Psalm 114

Posted by Worldview Warriors On Monday, September 30, 2019 0 comments

by Katie Erickson

“When Israel came out of Egypt, Jacob from a people of foreign tongue, Judah became God’s sanctuary, Israel his dominion. The sea looked and fled, the Jordan turned back; the mountains leaped like rams, the hills like lambs.
Why was it, sea, that you fled? Why, Jordan, did you turn back? Why, mountains, did you leap like rams, you hills, like lambs?
Tremble, earth, at the presence of the Lord, at the presence of the God of Jacob, who turned the rock into a pool, the hard rock into springs of water.” (Psalm 114)

Psalm 114 is one of the 6 psalms (113-118) that are called the Egyptian Hallel psalms. Hallel is the Hebrew verb for praise, and it’s where we get our word “hallelujah” from. (Adding the “-jah” at the end makes it more emphatic in Hebrew.) Additionally, Psalms 120-136 are called the Great Hallel, and Psalms 146-150 are called the Concluding Hallel psalms. The Egyptian Hallel psalms are called such because they feature prominently in the Passover celebration. Traditionally, Psalms 113-114 were read before the meal and 115-118 were read after it. So, these psalms praise God for His leading Israel out of Egypt.

Psalm 114 starts out retelling the event of the exodus from Egypt in verses 1-2. The idea that they were delivered from a “foreign tongue” implies that they were in slavery in that land. They lived as foreigners, not as people who were accepted as citizens. God chose Israel to be His “sanctuary” and “dominion.” Even though the nation was later divided into two kingdoms (Judah in the south and Israel in the north), they were all still God’s chosen nation. God made a covenant promise to dwell among the whole people, all twelve tribes, and he brought all of them out of slavery in Egypt.

Verses 3-6 are interesting because they tell us of nature’s reaction to Israel as God’s chosen people. “The sea looked and fled” is clearly a reference to God parting the waters of the Red Sea so that the people of Israel could cross it on dry land (Exodus 14). Similarly, “the Jordan turned back” refers to Israel crossing the Jordan River on dry land (Joshua 3). The references to mountains and hills likely refer to God giving His commandments to the people on Mt. Sinai (Exodus 19-20).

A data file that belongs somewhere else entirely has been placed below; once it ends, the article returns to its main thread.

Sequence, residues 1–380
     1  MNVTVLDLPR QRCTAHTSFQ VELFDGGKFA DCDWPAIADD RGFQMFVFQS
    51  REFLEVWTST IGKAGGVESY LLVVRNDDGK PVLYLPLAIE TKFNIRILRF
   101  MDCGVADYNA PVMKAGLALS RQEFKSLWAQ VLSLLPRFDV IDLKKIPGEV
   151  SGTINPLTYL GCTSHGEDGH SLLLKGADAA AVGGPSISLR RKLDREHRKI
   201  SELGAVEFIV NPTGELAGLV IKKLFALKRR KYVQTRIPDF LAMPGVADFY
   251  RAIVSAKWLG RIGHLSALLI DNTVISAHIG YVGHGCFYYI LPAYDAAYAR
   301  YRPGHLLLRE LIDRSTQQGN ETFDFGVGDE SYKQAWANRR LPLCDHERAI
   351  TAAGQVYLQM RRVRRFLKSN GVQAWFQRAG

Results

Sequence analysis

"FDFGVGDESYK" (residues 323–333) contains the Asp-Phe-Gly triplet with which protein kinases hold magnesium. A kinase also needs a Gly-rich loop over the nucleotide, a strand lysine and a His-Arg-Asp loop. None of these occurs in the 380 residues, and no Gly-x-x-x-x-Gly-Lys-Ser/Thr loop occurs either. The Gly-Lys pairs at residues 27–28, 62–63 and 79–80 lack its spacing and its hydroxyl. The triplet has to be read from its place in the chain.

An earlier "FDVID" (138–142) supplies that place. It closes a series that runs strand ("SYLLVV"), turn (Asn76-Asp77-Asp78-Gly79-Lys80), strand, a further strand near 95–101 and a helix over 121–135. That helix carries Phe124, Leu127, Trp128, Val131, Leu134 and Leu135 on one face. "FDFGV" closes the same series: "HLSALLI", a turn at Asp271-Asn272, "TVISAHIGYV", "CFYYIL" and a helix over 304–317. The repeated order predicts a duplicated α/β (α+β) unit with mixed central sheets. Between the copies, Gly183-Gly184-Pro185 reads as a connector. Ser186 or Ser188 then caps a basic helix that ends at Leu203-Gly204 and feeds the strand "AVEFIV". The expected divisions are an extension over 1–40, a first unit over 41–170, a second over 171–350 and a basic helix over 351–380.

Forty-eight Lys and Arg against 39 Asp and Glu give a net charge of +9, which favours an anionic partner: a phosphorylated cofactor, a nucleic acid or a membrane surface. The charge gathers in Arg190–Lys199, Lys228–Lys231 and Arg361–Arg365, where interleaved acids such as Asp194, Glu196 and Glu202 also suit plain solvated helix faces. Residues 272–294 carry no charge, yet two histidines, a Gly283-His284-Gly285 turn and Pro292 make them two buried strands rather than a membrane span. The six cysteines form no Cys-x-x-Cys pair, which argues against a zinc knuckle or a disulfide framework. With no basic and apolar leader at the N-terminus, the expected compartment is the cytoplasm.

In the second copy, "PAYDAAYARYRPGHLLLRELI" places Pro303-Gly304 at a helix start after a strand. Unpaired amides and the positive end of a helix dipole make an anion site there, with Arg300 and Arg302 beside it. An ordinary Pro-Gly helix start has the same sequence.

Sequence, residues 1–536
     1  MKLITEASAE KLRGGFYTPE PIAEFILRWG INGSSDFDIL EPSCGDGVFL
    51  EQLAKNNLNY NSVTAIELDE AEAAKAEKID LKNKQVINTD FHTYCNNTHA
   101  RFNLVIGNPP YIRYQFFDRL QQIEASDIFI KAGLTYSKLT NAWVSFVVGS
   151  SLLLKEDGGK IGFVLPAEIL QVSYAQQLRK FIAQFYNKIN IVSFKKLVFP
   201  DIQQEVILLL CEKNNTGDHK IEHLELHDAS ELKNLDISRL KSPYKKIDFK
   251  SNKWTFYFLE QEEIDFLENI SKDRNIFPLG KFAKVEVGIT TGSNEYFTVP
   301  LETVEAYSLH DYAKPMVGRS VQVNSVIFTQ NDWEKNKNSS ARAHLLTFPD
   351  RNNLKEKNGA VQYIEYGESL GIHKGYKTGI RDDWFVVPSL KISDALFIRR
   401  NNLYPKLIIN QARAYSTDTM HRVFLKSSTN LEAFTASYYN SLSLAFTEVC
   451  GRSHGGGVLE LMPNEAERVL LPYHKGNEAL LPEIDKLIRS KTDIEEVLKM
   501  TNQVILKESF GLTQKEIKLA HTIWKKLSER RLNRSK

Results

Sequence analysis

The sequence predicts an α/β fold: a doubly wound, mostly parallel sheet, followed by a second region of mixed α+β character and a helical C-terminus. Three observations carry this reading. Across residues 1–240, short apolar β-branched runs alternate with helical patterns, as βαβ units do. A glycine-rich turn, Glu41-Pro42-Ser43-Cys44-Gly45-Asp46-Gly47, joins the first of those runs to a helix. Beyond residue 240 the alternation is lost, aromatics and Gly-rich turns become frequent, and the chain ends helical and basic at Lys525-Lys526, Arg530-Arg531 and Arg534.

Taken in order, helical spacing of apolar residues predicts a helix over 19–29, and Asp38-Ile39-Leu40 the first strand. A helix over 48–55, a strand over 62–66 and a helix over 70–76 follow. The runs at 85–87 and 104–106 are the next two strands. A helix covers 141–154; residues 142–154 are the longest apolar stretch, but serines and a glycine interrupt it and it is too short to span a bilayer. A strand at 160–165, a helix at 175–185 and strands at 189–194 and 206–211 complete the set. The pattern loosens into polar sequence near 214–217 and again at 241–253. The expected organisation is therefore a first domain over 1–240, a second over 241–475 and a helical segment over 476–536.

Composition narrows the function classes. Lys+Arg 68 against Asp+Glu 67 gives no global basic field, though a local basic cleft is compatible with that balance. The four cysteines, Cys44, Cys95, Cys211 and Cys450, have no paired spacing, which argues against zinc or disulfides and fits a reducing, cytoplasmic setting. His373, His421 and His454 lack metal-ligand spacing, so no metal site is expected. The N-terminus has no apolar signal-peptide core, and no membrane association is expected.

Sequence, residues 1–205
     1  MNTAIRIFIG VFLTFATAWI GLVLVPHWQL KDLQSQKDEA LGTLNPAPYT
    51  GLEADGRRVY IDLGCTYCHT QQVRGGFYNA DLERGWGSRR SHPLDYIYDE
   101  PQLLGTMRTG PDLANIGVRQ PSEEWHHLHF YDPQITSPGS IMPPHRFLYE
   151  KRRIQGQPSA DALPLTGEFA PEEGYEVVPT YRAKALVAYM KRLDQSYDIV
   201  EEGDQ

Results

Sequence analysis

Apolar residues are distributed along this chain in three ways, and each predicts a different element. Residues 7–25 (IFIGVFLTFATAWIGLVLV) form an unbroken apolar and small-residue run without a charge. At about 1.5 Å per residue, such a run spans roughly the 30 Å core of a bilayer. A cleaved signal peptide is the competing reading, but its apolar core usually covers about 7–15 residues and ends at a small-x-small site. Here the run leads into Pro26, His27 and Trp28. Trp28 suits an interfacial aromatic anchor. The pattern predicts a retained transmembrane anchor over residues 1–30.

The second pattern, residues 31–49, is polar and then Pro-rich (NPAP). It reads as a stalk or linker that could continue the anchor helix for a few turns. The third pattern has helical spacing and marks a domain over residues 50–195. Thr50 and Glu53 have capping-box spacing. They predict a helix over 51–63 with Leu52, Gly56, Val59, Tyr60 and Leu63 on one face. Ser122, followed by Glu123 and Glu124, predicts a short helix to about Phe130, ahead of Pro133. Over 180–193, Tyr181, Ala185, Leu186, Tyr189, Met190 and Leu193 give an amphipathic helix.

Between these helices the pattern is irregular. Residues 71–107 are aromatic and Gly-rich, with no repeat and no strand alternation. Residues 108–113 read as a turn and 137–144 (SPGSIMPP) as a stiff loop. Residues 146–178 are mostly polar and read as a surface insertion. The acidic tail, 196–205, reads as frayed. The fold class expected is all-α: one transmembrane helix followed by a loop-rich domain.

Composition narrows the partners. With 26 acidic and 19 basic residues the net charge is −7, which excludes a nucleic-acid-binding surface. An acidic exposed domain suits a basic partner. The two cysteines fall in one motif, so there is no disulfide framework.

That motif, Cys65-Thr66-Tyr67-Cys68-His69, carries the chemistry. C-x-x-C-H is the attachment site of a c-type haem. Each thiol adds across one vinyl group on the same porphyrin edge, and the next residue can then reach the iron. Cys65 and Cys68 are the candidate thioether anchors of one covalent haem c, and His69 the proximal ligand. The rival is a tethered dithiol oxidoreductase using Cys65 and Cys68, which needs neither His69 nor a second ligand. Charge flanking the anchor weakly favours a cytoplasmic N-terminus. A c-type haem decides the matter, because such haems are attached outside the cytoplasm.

The questions we see in verses 5-6 seem to indicate that the psalmist is calling on nature to bear witness to the mighty power of God. The Red Sea, the Jordan River, and Mt Sinai were all witness to spectacular events of God in our world. The answer to all of these “why” questions is, of course, because God has power and dominion over all His creation.

This answer is echoed in verse 7, where the earth is called to tremble in God’s presence. The phrase “at the presence of” is repeated, which shows that this is the climax of the psalm: everything else builds up to the mighty power of God! The Lord is the mighty God over all creation, and He identifies Himself as the God of Jacob, the God of His people of Israel.

The psalmist concludes in verse 8 with one more example of God using nature to fulfill His purposes and show His power: getting water from the rock (Exodus 17:1-7). This may also reference the prophecy in Isaiah 41:18.

So what does all this mean for us today? It’s great that God led Israel out of Egypt, but how does that affect us living in the modern world of 2019? Well, God is the same God today as He was back at the time of Exodus. God never changes. Since God did miracles like that for the people of Israel, how much more will He continue to pour out blessings and miracles for us today! He is the same God, and now His chosen people are everyone who has faith in the sacrificial death and resurrection of His Son Jesus. All of us who follow Jesus are God’s chosen people, regardless of nationality. Nature still bears witness to the power of God today. Are you watching for God’s almighty power in your life?

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Basic Doctrines: Repentance

Posted by Worldview Warriors On Friday, September 27, 2019 0 comments

by Charlie Wolcott

Today, I wrap up the first quarter of my first full year of teaching at my high school. I teach both regular level physics and AP level physics. When I was a substitute, I saw the same issues I see now in physics. Students in general do not know how to do basic math skills. They can plug in equations and solve for a single variable, even if the equation is already re-arranged for them. But to manipulate an equation for a needed variable is nearly impossible to get them to do, including 3-variable equations. And unless students master this, teaching physics is a very difficult job.